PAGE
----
What has changed on the TS050 HYBRID?
I think the right question is what didn’t change! The answer would be shorter because in fact except some principles here and there which we kept to be able to capitalise on previous years’ development every single part has changed. In many areas the concepts themselves have changed. Obviously the engine concept has moved from V8 normally aspirated to V6 turbo; this is a significant change. The hybrid system remains a double KERS concept but the massive evolution for us is to move from super capacitor to battery. The front aerodynamic flow structure is as well a departure from the previous years’ concept.
Tell us about the new 2.4litre, V6 twin turbo engine…
We have clearly found the limits of a normally aspirated engine which clearly can be good and competitive in its sweet spot. It is definitely possible to make a fuel-efficient and competitive normally aspirated engine but the sweet spot is quite narrow and not completely robust when it comes to different conditions, like temperature or altitude change. The turbo just makes things much robust; you can achieve optimum power and combustion so you can compensate temperature or altitude within a bigger range. So the biggest gain is really the size of the operating sweet spot.
And a battery will replace the super capacitor…
A new storage solution is a big departure which requires a totally different management system. Even if everything looks quite similar, this change is a much bigger change than you would imagine. The levels of energy density are very different from a super capacitor to a batter, which changes completely the way to manage charge and discharge. But in terms of packaging in the cockpit, it is rather easy. We have similar external dimensions so we had to make little changes. On the outside it looks very similar but inside it is very different!
How have the aerodynamics evolved?
The aerodynamic concept, and particularly the front face of the car, has changed drastically. We have spent thousands of hours refining this new concept and this time we have done more than incremental changes; we have significantly changed the way we handle the flow structure after the front downforce-generating devices. The issue with front aero is that you obviously need downforce, so you need to deviate the flow otherwise you don’t create anything, but then you have to manage this deviation. The way we manage the wake of the front downforce-generating devices is significantly different on the TS050 compared to the previous cars.
What effect does the new engine have on the transmission?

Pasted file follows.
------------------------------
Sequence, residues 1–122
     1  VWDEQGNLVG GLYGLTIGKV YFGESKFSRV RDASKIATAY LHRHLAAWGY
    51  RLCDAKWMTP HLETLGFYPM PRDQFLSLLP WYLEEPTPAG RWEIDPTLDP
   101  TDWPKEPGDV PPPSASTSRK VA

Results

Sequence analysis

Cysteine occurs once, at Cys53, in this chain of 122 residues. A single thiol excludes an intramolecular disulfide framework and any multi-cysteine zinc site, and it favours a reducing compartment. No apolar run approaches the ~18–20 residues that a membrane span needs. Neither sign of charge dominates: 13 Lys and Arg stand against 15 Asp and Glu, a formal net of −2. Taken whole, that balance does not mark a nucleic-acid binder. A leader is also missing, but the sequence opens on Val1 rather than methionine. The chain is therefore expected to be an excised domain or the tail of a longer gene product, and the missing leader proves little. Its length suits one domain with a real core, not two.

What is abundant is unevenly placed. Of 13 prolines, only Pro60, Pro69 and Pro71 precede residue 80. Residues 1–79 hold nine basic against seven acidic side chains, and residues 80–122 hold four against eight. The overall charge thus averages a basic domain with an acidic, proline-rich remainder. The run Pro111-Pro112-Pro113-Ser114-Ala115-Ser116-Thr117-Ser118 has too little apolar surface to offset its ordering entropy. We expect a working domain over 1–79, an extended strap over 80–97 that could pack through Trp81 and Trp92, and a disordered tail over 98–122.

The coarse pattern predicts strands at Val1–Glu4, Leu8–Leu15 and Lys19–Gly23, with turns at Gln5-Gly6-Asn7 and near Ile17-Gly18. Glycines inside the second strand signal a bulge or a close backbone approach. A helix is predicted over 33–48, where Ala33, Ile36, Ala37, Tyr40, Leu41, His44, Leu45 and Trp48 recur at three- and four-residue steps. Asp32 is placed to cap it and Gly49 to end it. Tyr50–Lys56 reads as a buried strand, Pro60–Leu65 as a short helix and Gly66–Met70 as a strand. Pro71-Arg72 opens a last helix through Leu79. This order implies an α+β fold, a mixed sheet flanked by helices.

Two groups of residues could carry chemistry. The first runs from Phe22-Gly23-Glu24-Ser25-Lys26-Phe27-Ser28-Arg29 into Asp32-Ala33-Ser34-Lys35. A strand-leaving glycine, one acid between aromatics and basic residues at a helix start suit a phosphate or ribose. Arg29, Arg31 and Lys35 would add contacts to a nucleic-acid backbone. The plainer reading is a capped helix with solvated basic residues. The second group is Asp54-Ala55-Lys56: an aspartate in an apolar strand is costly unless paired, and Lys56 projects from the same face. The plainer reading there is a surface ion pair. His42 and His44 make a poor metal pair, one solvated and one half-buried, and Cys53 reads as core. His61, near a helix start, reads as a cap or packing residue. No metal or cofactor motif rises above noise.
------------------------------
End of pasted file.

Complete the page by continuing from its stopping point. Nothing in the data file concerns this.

A new engine brings a major impact and this is why initially our plan was to implement it in 2017. Bringing it forward one year has been extremely challenging in terms of designing the rear end of the car and the impact on the gearbox has been big. The torque levels of a turbo engine do not compare with a normally aspirated V8; they are significantly higher. So the gearbox has to be redesigned based on the first estimation of engine power. We kicked this off based on calculations because the engine was not running when we had to fix the specification of the gearbox. It has been an interesting model-based development because we had nothing actual to consider and experiment with.
How does the new powertrain change the cooling requirements?
One of the major impacts of a turbo is the increased cooling requirements. This affects the air flow and always creates a compromise in terms of aerodynamics. You don’t get anything for free so if you want to increase your cooling you have to deviate more air from the external flow. We try to minimise but it always comes with some loss of pure aero efficiency.
With more energy recovered under braking, does this affect the conventional brake system?
Brakes are one of the interactions which we have to master and control. Obviously if we brake more via the motors on the hybrid system, we brake less with traditional brakes. There is a risk that this creates instability; any small fluctuation with the motor braking has a big impact on conventional brakes. This is one of the challenges of moving to 8MJ; we have to work harder to manage how we use the traditional braking system.
What is the impact of the revised pit stop regulations?
We are working to optimise our operations considering the updated regulations, which allow more mechanics to work on the car during a pit stop. The reason for that change is to maintain some basic principles in terms of safety whilst making it more controllable by marshals. They were struggling in previous years to make sure everything was within the regulations, so now it has been made a bit easier for them to monitor pit stop procedures. For the teams, this change gives us more scope as it is more flexible, so there is the potential to be slightly faster.
What can you say about the rate of technical progress in WEC?
We have suffered from this unbelievable progress rate last year when we saw lap time improvements which have never been seen before in motorsport, especially within stable regulations. To have five or six seconds of progress like this shows the regulations offer quite a lot of development scope which is positive. But it doesn’t come for free; it requires a lot of resources. This means the environment has changed when it comes to developing a winning car. A while ago it was possible to have, for example, a very good hybrid system which could compensate a deficit in another area. Now everyone has progressed and we cannot afford to have any areas of the package that have not been fully developed. We have developed the TS050 on that basis.
What are your performance targets for 2016?
We want to be competitive. That is the minimum target we set ourselves – to be back in the game and competitive.